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September 2, 2014 / 7 Elul, 5774
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‘Goodbye Darkness, My Young Friend’


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The fact that you are reading this article can only mean that the gut-churning, frantic, multi-tasking marathon known as getting ready for Pesach is behind you; the sedarim – and the focused, micro-managing required to ensure the table was properly and halachically set up, not to mention the avalanche of food that was prepared – are over; the married children and friends who swooped down like biblical locusts and ate a month’s worth of groceries in four days are on their way to the in-laws or to their own homes, and you are now enjoying the pleasurable act of catching your breath – and breathing.

It is chol hamoed and life is kind of back to normal. Of course true normal is enjoying your coffee with a multi-grain bagel slathered in cream cheese; for now it is still out of reach, but you are buoyed by the knowledge that in the not too distant future, you will be able to sink your teeth into one.

In just a few days, things will be back to the way they were, and Pesach will be a smorgasbord of pleasant (and to be honest, perhaps not quite so pleasant) memories, and a source of pride for the neshai chayil – and their spouses – who pulled it off.

But for some families, going back to normal any time soon is something of a dream; going back to the lives they knew is not part of their reality – for their today and the many tomorrows ahead consist of a new “normal” – one that they did not choose, one they are desperate to change. These are the families with critically ill children. These are the mothers, fathers and siblings who must deal with the challenging reality that a young member of the family is very, very sick. These are the members of Klal Yisrael who understand what it is like to be in Mitzrayim, to be under the heel of the cruel Pharoah that is cancer and other life-threatening or debilitating diseases.

Unfortunately, these families are not so rare. In fact, their numbers are growing with each passing day as more and more children are being diagnosed with soul-shattering illnesses.

But just like the despair and pain and hopelessness of our enslaved ancestors reached Hashem’s ears and He responded, so too has the anguish, confusion and terror of parents suddenly thrown into a scary, unfamiliar nightmare been seen and noted. Concerned Yidden saw the suffering of their fellow Jews and stepped up to the plate to offer help and hope. Thus Chai Lifeline was born.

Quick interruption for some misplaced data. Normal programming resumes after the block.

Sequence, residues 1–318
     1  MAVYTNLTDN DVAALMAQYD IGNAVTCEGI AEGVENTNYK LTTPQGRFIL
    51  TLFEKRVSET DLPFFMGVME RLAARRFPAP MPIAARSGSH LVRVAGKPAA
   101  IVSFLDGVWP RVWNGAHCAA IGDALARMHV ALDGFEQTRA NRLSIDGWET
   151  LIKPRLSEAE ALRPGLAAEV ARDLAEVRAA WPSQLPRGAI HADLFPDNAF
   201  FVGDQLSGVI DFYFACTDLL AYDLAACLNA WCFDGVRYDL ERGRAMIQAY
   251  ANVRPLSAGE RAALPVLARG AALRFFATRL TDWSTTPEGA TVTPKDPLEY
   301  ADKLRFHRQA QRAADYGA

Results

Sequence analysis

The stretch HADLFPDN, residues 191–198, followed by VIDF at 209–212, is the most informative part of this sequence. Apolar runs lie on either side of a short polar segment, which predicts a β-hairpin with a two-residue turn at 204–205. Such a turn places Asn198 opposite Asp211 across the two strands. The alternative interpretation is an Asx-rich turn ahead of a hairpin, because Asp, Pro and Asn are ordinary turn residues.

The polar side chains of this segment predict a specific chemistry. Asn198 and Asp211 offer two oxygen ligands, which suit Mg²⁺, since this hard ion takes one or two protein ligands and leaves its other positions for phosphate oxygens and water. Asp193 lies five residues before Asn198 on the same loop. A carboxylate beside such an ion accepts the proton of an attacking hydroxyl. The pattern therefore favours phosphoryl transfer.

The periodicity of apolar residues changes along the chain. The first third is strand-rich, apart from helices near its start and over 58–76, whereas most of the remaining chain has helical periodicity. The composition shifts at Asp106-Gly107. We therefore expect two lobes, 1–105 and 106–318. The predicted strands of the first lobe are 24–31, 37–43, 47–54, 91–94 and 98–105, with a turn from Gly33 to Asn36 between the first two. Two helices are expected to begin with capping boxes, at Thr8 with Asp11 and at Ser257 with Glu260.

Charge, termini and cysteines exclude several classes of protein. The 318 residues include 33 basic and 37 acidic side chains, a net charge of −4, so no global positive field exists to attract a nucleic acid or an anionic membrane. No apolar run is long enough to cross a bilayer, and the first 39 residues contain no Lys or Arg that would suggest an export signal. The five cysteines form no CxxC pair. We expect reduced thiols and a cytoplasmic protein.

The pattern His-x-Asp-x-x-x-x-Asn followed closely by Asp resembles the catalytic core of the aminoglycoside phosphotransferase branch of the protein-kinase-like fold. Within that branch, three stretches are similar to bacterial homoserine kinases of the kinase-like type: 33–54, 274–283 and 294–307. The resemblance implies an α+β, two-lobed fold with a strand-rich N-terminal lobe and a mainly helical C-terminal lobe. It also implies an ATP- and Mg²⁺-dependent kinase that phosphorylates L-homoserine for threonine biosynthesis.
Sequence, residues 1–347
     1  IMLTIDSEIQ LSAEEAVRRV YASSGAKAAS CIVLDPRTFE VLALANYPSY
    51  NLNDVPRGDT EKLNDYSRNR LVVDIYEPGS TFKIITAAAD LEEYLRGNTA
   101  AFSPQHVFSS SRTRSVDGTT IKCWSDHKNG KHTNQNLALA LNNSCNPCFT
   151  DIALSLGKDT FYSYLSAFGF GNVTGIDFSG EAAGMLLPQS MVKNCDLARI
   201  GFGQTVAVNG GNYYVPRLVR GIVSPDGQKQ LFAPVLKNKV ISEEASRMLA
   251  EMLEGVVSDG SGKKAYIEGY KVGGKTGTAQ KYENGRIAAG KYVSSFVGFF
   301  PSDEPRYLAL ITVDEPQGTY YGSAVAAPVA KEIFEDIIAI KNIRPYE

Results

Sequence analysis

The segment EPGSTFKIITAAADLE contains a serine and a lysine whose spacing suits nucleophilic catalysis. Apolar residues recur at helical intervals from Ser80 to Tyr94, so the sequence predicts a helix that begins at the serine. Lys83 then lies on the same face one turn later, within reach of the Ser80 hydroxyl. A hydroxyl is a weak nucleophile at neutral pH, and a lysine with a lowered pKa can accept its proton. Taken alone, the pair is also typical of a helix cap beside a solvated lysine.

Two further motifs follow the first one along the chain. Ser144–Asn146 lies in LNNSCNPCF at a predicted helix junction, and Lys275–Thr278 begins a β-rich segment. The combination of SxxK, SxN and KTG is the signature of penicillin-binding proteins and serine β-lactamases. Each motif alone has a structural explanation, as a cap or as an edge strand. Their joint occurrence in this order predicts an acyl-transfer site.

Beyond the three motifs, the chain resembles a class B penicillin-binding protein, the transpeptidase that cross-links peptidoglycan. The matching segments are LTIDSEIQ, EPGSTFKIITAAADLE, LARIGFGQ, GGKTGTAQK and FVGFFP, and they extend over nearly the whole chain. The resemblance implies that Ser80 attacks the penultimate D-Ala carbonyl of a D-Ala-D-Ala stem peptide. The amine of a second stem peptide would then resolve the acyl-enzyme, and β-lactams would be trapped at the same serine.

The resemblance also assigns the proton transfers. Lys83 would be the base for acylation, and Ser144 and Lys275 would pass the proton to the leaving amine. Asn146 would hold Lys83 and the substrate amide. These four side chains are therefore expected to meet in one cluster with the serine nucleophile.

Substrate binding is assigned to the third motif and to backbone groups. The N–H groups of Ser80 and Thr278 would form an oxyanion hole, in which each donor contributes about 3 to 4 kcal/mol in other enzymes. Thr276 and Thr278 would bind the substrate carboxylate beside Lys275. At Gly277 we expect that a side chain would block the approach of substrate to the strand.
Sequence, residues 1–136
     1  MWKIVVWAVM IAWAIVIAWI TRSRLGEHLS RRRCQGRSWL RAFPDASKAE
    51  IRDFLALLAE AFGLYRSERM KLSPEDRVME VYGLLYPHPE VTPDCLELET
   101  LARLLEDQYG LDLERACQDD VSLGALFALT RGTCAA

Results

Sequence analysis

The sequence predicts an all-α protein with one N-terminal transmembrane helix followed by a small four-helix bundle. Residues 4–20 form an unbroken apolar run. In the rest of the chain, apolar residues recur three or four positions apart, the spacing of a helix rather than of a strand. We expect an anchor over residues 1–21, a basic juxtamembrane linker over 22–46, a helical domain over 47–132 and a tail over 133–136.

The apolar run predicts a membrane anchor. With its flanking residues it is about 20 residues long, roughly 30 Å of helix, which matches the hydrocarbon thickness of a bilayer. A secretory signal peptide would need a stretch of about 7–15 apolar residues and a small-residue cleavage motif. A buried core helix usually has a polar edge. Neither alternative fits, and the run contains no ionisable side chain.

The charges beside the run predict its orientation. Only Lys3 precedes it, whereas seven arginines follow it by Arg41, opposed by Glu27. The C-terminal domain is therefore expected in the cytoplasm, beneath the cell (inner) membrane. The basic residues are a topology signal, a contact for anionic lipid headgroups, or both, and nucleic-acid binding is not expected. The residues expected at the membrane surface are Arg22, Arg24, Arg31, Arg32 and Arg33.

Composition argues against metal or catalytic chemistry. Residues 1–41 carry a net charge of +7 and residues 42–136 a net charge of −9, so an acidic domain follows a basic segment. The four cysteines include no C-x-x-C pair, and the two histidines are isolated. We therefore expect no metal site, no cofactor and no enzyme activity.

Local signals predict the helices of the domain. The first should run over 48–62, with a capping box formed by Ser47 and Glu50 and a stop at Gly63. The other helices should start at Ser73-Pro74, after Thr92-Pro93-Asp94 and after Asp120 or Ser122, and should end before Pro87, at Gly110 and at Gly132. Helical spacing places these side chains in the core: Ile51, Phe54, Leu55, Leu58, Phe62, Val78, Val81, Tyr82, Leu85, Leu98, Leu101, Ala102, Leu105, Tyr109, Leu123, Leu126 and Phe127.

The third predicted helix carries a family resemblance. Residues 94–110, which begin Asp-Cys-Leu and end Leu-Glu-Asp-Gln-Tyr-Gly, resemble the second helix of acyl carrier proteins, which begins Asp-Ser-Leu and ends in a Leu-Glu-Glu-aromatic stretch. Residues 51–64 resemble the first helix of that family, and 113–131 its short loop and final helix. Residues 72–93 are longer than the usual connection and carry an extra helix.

Chai Lifeline was founded in New York in 1987 by a compassionate group of community leaders, rabbis and pediatric oncologists who saw the need to provide logistical, emotional and financial support for overburdened families struggling to function while dealing with a critically ill child. Chai Lifeline evolved into a state of the art pediatric cancer support organization with offices within the United States as well as affiliates in Canada, England, Israel, and Belgium.

Chai Lifeline’s motto is Fighting Illness With Love. To that end, Chai Lifeline initially launched Camp Simcha in August 1987, enabling cancer stricken youngsters to be “normal,” like their siblings, and go to camp. It soon became apparent that these ailing children – and their families – needed social, emotional and financial support all year round. And with great devotion, chutzpah and determination Chai Lifeline provides all that – and more.

Chai Lifeline provides a myriad of year-round programs to help stricken children and their families “recharge their batteries” and maximize their ability to cope with their new “normal.” Programs include advocacy and information services; counseling for pediatric patients, parents and siblings; family retreats; tutoring for kids including via video-teleconferencing technology that links hospitalized or home-bound children with their classmates and friends; Big Brothers and Sisters, where older teens provide guidance and support through visits and phone calls; toy drives; family parties and retreats; tickets to sports events and concerts and plays; spa days for exhausted mothers; trips to Disney theme parks; crisis intervention and sadly, if necessary, bereavement services.

The many children who are cured of their illness are treated to a “well” trip to Israel with a parent or companion. In fact, all services and programs are offered at no cost to the children and their families.

Since the funds needed to support these programs unfortunately do not fall from the sky, like mon did for the recently emancipated children of Israel, fundraising is crucial.

To that end, Chai Lifeline Canada recently held it’s annual Sing For The Children Concert. Established six years ago in 2006, Chai Lifeline Canada, headed by Rabbi Mordechai Rothman, offers Canadian Jews, of all levels of observance and affiliation, the multi-faceted support they need to get through the daily challenges of dealing with a very sick child.

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One Response to “‘Goodbye Darkness, My Young Friend’”

  1. Michelle Goldstein Zaldin says:

    Why Chai Lifeline Canada is so important and why, I for one, am glad they exist!

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